Tuesday, May 16, 2006

Michael Pollan, again

I know I have been blogging a lot about Michael Pollan’s The Omnivore’s Dilemma: A Natural History of Four Meals. But that’s because I was so taken with his book, which opened my eyes to an industrial food complex I never knew existed.

I didn’t expect to learn so much. I live in Berkeley, California and have been buying organic milk for my two daughters for more than a decade (I didn’t want the growth hormones fed to cattle to wrack havoc on their growth) I have a friend who sells me grass-fed beef from cattle raised on her family’s farm. Every time I take a bite of a potato chip I do so in full recognition that the oil used to fry it is rushing straight to my arteries.

What more was there to know? Organic, good, everything else bad. Fresh is better than processed and local is better than imported.

Pollan makes these points and does a masterful job of showing how the American food machine is out of whack, and how its excesses are leading to obesity, diabetes, and early death. He argues vigorously that our desire to have any food in any season at a reasonable price gives us supermarkets stuffed with gorgeous, tempting products – but at a great social and ecological cost. (It takes a lot of fossil fuel to bring those grapes from Chile).

What really stunned me is the great cost to animals to make this happen. Ranchers now stuff their cattle with corn instead of grass because it is cheaper and plumps them up faster. But cows’ digestive systems can’t process the corn so they get sick – even growing a virulent form of e-coli in their stomachs. Ranchers fill the cattle with antibiotics to make them fit for human consumption.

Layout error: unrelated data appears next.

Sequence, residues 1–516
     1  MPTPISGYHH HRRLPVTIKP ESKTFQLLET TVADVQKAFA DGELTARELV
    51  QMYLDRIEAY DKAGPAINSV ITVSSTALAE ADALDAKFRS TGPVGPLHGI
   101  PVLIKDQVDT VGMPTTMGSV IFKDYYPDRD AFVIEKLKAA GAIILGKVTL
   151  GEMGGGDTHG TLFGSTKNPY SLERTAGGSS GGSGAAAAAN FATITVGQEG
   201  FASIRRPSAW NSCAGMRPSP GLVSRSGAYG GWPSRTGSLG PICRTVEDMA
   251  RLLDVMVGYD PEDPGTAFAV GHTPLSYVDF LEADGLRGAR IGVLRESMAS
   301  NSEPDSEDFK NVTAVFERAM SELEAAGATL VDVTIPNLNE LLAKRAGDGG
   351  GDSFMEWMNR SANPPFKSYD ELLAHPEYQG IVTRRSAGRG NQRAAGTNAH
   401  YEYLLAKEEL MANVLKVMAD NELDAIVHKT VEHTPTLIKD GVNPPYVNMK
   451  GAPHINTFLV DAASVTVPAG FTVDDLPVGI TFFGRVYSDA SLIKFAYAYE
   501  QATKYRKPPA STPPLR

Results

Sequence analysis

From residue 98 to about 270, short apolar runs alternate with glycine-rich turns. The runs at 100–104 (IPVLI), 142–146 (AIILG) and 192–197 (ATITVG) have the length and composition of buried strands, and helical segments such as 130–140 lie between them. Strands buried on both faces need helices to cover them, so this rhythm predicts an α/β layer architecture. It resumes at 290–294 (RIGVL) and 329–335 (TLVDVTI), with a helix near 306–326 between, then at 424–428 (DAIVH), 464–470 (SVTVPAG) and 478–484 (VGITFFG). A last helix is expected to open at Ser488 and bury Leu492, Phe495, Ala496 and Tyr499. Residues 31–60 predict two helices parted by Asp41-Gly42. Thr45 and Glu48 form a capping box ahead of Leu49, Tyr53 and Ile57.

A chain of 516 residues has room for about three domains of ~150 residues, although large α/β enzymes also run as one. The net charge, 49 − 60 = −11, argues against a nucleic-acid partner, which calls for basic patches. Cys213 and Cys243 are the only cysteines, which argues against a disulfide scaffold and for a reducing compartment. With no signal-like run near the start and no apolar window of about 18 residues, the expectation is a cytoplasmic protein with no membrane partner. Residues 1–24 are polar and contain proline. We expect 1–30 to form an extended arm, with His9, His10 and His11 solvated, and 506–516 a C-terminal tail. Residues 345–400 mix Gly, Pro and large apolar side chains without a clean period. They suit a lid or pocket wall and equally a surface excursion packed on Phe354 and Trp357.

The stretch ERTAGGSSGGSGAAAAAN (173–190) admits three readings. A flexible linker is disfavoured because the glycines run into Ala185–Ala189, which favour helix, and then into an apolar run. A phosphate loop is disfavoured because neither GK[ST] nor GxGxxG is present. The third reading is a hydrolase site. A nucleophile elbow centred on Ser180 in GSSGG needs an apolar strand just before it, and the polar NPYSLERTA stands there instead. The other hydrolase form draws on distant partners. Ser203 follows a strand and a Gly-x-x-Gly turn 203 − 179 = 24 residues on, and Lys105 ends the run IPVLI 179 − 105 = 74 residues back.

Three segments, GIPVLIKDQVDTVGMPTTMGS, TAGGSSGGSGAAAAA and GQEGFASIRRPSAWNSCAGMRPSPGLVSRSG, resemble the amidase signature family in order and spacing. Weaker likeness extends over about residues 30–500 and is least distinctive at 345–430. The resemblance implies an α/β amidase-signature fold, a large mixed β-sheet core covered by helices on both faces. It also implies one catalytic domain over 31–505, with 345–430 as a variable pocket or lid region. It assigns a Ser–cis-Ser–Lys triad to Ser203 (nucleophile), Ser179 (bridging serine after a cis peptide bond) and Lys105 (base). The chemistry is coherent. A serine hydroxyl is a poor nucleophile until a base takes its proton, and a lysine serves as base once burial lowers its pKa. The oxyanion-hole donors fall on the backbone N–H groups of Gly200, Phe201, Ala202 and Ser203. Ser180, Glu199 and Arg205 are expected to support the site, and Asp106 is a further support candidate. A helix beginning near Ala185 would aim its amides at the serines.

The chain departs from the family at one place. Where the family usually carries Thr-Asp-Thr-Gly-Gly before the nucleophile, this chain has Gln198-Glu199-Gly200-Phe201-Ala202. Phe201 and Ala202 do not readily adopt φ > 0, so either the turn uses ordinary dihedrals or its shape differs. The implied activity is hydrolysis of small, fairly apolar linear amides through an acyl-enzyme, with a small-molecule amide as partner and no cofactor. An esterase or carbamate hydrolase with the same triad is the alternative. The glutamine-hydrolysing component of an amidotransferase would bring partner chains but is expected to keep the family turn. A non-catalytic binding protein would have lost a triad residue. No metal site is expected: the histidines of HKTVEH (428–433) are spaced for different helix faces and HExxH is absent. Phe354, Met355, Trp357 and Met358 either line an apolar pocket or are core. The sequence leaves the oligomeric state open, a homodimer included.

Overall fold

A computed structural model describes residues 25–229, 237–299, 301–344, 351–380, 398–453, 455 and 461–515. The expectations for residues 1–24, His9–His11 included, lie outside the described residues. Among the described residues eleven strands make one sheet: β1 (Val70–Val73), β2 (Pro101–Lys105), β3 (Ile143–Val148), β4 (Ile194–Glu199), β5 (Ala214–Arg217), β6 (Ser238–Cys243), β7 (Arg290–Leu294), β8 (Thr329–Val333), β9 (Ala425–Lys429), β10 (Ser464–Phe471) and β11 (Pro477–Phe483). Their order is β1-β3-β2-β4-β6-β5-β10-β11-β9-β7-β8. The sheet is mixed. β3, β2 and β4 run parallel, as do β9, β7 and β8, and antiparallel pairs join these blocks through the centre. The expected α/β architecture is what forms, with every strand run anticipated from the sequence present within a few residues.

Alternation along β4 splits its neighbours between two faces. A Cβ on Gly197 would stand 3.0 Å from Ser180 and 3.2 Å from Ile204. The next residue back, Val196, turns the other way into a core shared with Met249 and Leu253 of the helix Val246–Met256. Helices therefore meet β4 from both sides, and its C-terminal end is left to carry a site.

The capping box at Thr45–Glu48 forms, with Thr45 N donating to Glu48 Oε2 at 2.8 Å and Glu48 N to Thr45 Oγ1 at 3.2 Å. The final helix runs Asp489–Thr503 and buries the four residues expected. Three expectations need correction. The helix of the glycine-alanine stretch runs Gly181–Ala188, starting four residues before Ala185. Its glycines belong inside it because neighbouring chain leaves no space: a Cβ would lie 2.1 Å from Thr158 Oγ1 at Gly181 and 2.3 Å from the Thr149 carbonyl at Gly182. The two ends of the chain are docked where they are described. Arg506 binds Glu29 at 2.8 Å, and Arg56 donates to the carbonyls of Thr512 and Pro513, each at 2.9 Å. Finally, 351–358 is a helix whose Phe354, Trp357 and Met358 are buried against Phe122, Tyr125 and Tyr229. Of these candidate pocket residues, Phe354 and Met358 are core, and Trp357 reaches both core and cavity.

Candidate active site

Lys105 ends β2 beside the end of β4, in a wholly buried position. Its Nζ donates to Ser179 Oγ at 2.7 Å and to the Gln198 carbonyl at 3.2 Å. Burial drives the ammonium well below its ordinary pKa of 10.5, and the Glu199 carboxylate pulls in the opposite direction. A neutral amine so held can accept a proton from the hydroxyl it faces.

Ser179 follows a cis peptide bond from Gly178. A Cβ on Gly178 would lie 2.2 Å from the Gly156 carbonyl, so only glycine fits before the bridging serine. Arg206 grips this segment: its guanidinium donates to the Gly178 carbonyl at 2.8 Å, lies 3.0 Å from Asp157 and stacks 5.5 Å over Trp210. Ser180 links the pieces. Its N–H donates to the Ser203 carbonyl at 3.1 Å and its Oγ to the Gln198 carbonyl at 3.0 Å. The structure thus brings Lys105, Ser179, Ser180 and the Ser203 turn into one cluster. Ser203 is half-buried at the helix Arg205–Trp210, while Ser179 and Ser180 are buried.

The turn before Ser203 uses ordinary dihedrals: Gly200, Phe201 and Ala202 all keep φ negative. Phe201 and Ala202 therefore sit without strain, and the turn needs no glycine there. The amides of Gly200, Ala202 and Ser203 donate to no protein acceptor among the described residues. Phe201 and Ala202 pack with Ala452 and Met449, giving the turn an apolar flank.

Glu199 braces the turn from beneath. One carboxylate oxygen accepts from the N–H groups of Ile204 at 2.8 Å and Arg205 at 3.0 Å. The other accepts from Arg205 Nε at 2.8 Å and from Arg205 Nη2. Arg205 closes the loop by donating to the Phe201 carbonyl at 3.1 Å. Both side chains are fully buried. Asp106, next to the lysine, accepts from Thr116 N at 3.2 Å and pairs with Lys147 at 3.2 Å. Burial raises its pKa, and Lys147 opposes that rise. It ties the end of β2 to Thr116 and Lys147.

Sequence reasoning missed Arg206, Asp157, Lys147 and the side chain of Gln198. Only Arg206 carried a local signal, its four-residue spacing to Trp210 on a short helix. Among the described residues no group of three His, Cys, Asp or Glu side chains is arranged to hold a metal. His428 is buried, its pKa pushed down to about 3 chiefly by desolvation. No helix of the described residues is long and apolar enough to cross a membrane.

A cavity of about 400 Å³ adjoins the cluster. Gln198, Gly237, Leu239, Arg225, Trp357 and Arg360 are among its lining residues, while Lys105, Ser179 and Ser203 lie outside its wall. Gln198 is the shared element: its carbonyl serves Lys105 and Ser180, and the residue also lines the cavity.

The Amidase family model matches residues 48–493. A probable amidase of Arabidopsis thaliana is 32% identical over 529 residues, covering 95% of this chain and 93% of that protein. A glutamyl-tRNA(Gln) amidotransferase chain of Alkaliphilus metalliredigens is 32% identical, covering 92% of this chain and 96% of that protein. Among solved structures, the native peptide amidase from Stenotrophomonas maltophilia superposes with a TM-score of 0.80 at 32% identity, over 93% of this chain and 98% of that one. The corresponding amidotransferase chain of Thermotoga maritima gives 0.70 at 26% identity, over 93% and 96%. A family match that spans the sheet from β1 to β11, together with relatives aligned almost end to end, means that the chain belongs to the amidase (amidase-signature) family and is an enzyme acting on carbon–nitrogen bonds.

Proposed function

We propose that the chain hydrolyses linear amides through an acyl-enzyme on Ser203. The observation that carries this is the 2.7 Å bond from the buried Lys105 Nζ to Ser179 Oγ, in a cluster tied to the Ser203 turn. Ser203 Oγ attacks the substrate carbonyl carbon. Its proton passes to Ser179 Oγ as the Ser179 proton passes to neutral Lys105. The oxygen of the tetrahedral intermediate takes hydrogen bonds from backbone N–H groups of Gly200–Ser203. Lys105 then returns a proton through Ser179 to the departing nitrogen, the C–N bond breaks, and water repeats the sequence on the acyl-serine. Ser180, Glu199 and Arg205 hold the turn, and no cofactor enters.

Chickens, even organic “free-range ones” are raised in pens that are so crowded the birds can barely move. To stop them pecking one another, some ranchers routinely cut off their beaks.

Pigs are also raised in conditions that force them to become belligerent. They are taken from their mothers ten days after birth (instead of at weaning at 13 weeks), giving them a lifelong obsession with sucking and chewing. When they are crammed into pens to be fattened for market, they have a tendency to bite off other pigs’ tails To stop this, ranchers snip off the tails – this is called tail docking -- but deliberately leave a sensitive stump. That’s because pigs are highly intelligent and get depressed at their condition, but can be forced out of their depression when their sensitive tails get touched.

Pollan is not an animal rights crusader, and a good part of his book explores the ethics of eating meat. He concludes, in a very interesting fashion, that killing and eating meat is actually a humane act. But his reporting makes the reader ponder the kind of meat she is eating and whether the cruel practices used to get that beef on a barbeque is necessary. As he puts it in the inscription in my book: “Vote with your fork.”

There are many other fascinating issues he raises. I encourage everyone to read the book. If you don’t have the time, remember the mantra, “Eat Local.”

1 comment:

lisa said...

I just read about this in the recent issue of The Sun. This month's interview is the the author.

And I was happy that the brain lives on energy from cabrs and sugar. I always tell people I'm on an all carb diet. And now we know why I'm so smart, don't we? (pfff).